Yes, they may!

We’re heading to Albuquerque to have some maintenance done on the motorhome. Time for an oil change, and we want to have the brakes checked. The most important aspect of maintaining this lifestyle is maintaining our home on wheels!

Wild Things!

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We spent a very interesting couple of nights at Falcon State Park in Falcon, Texas. The Rio Grande feeds this lake which is popular for bass and catfish fishing. It’s also well-known for the wildlife as the website warns of proper food storage and safety of people and pets, and, boy, did it prove true!

No sooner did we get our campsite set up and sit down to relax at the picnic table when a javelina strolled into our campsite. He looked mildly surprised to see us and we were very to see him! I almost had a stroke getting Tessa into the house. Javelina can be aggressive, especially if they see a dog … coyotes are their #1 predator in this part of Texas, so they may think dogs are coyotes. Tessa, of course, has never seen a Javelina before, but she has such a strong prey drive with other critters that we didn’t want to take a chance that she’d try to chase it.

Javelina are not as docile as they look.

I got Tessa into the house, looked out the windows on the other side and saw two more javelinas heading our way. Bob stayed outside at the picnic table taking pictures while they strolled through. They didn’t seem bothered by his presence at all and even got a little too close to the table for my liking!

Javelina are distant cousins of pigs. They are considered “New World Pigs” while hogs on the farm are “Old World Pigs.” The two branches split from one type of pig about 50,000 years ago. Javelinas are only found in South and Central America and the southwestern US while Old World Pigs are found all over the world. Javelina have poor eyesight, a short fuse and short, straight, sharp tusks. They also have a scent gland on their backs which they use to identify themselves and the members of their herd. The scent is supposedly similar to that of a skunk, which is why they are also known as “skunk pigs.” I’ve read that sometimes you smell them before you see them … that’s pleasant.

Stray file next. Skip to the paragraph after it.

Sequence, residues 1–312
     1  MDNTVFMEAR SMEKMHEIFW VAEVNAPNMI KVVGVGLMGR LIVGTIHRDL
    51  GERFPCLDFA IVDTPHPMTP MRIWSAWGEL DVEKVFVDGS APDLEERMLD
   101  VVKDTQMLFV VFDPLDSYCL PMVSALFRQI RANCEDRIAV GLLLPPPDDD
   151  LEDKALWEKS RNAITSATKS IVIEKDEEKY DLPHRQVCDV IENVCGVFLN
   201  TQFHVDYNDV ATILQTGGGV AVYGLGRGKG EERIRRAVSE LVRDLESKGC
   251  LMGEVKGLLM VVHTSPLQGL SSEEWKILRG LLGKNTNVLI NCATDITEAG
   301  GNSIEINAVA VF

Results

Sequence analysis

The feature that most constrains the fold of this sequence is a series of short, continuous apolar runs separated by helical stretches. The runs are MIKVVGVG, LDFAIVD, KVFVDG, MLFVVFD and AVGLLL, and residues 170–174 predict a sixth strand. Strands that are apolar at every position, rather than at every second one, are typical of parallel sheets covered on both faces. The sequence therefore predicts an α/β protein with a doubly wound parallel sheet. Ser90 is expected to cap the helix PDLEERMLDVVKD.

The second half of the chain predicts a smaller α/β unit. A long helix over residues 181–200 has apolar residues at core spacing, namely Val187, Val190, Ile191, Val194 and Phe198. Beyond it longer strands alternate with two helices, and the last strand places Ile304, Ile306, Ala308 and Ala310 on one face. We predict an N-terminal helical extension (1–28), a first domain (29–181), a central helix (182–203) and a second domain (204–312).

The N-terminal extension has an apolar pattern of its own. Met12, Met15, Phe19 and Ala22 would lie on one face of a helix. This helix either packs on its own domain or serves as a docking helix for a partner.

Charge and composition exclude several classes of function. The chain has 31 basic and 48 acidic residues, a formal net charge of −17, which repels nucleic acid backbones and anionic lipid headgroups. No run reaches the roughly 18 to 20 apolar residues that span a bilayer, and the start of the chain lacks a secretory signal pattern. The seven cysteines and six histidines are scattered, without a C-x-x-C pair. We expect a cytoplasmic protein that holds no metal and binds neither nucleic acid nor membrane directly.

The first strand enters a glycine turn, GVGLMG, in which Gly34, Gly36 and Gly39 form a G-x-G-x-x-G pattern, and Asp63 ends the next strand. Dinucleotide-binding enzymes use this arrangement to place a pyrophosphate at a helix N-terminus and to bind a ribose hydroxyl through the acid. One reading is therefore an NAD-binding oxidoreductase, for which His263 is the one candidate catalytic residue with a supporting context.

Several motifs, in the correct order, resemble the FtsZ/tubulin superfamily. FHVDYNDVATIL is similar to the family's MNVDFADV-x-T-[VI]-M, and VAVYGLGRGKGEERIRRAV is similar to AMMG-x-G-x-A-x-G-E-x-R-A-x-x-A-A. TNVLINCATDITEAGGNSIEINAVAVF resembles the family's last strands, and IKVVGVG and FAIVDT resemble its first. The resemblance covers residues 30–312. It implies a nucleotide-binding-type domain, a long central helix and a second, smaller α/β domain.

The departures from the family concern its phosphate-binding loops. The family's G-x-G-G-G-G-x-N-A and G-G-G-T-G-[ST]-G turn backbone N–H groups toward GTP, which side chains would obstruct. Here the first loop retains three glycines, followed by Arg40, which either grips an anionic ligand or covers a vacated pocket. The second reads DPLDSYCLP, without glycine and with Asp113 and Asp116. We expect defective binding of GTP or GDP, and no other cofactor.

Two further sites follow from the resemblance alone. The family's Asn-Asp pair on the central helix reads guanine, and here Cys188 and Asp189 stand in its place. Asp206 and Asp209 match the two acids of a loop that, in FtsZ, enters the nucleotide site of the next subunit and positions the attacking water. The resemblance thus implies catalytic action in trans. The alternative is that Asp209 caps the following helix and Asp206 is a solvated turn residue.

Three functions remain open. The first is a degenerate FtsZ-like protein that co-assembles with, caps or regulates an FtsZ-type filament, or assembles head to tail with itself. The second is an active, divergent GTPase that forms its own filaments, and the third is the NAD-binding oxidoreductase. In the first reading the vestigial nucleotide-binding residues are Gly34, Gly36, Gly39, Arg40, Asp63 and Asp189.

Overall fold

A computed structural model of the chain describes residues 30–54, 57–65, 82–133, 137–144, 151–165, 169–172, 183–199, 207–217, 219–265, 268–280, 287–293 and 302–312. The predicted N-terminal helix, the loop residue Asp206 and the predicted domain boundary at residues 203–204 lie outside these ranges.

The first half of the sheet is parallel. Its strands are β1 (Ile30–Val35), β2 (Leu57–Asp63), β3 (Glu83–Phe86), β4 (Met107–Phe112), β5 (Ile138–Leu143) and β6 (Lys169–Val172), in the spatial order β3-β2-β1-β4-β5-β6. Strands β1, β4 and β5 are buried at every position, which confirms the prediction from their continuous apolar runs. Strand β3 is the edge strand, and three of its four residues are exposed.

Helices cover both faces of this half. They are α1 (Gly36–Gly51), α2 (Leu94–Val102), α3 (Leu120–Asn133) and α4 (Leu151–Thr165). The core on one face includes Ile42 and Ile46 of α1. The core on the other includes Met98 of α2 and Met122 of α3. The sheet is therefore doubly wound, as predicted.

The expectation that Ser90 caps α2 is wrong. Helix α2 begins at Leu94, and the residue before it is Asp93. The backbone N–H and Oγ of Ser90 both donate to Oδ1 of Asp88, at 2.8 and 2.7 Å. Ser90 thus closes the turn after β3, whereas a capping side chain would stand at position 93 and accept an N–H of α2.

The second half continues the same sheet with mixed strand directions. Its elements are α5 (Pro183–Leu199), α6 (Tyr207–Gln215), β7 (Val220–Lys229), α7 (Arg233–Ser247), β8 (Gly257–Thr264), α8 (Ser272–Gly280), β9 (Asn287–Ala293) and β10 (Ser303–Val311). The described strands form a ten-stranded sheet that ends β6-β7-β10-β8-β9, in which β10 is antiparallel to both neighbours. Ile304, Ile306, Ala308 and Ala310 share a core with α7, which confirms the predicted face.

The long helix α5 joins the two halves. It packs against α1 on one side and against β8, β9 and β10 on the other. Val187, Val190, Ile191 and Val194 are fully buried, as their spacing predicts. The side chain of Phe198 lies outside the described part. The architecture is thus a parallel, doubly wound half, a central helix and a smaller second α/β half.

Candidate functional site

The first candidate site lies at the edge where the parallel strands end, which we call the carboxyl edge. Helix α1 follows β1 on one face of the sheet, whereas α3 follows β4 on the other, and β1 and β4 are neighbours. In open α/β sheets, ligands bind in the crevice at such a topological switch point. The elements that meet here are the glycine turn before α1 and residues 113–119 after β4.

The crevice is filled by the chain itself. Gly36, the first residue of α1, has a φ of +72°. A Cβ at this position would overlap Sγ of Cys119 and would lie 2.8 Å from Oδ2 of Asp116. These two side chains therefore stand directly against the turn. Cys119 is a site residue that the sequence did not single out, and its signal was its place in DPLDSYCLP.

The next day, sitting at our picnic table, I was thinking about how common Cardinals are down here … the Cardinal is not the Texas state bird but it should be as they are everywhere. Sitting at the table, I heard cardinals calling all around me. A bird flew in and perched on top of a shrub in front of me. The lighting was such that I could only see it in silhouette, but I took a picture anyway. I was so surprised when I saw the picture! It wasn’t a Cardinal, it was a Pyrrhuloxia, a cousin of the Cardinal. Same shape, different coloring. Even the song is similar to the Cardinal.

Pyrrhuloxia

Then, Bob spotted something moving at the edge of the brush. It was a Hispid Cotton Rat. It stepped out just long enough for me to snap a picture, then it scooted back into the brush. Good eatin’ for coyotes, bobcats and owls, no doubt. Not long after, a good size doe came to visit.

Hispid Cotton Rat
White-Tail

The weather was warm enough that we slept with the window open, and listened to coyote choruses off and on all night long. They woke me up several times during the night, but I didn’t mind. There was also another critter calling out there, it may have been a fox. Just as we were waking up, we smelled a skunk … or was it a javelina? Just before we left the park Friday morning, Bob spotted a bobcat crossing the road just a little ways down from our site, and then a trio of javelina mosey’d by. It was an awesome two days of “Wild Kingdom” at Falcon State Park!

Tres Javelinas.

After Falcon, we continued following the Rio Grande northwest and stopped just outside Del Rio at Amistad National Recreation Area. Falcon Lake and Amistad Lake are both huge reservoirs built by damming the Rio Grande to provide flood control, irrigation and power to this area. Amistad is supposed to be especially beautiful because of its limestone shoreline and crystal clear blue water, but when we visited the water level was down by 40% and we found few places where you could actually view the lake. It seemed that every road to the lake went into the lake in the form of a boat launch. There are several dry campgrounds surrounding the lake (campsites with picnic tables but no hook-ups), and we settled into the San Pedro campground. There was no view of the lake from the campground. We were surrounded by scrub dessert filled with mesquite, prickly-pear cactus and sagebrush. One would think wildlife would be abundant here, but it wasn’t. This was one of the quietest places we’ve stayed, especially at night.

Amistad Lake.

We had not boondocked in a while, and only expected to stay at Amistad one or two nights. We arrived with about a half tank of water and expected that would be sufficient, but when I had trouble getting a reservation at our next stop, our stay at Amistad turned into a three-night layover. We ran out of water! Then the car wouldn’t start because the battery died. It was an interesting refresher in “how to boondock.” Always go into it with full tanks of water, gasoline and propane, and empty waste tanks, even if you think you’ll only be there one night, because you just might be there longer! We were fine. We had to break camp and drive the motorhome out to get water, so it was an inconvenience but certainly not the end of the world! And it was actually good that we had this refresher, because we have several days of boondocking coming up. Now we’ll be prepared!